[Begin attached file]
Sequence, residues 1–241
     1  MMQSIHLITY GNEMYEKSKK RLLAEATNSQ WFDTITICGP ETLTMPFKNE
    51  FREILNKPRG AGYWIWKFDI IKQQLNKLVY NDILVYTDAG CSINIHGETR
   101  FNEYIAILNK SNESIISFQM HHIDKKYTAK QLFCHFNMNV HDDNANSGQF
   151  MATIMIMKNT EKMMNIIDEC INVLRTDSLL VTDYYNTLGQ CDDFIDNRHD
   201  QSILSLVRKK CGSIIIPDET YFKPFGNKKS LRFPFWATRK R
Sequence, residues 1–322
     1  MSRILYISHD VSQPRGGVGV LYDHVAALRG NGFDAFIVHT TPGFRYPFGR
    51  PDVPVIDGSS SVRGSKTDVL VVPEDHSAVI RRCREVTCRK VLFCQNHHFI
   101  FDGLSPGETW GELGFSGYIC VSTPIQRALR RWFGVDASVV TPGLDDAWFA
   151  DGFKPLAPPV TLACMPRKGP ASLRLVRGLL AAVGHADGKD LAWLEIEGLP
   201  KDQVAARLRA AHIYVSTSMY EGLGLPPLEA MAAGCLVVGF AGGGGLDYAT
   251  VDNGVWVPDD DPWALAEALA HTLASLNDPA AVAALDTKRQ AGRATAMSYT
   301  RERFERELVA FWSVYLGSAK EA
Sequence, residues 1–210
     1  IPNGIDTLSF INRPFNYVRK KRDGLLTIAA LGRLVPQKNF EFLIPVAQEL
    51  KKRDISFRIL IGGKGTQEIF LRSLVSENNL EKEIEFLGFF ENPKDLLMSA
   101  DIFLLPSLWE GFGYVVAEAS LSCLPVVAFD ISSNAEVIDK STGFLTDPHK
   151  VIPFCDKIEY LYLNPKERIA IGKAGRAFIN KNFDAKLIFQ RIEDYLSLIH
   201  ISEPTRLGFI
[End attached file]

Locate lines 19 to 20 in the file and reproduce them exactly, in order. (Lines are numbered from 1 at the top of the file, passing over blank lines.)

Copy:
   151  VIPFCDKIEY LYLNPKERIA IGKAGRAFIN KNFDAKLIFQ RIEDYLSLIH
   201  ISEPTRLGFI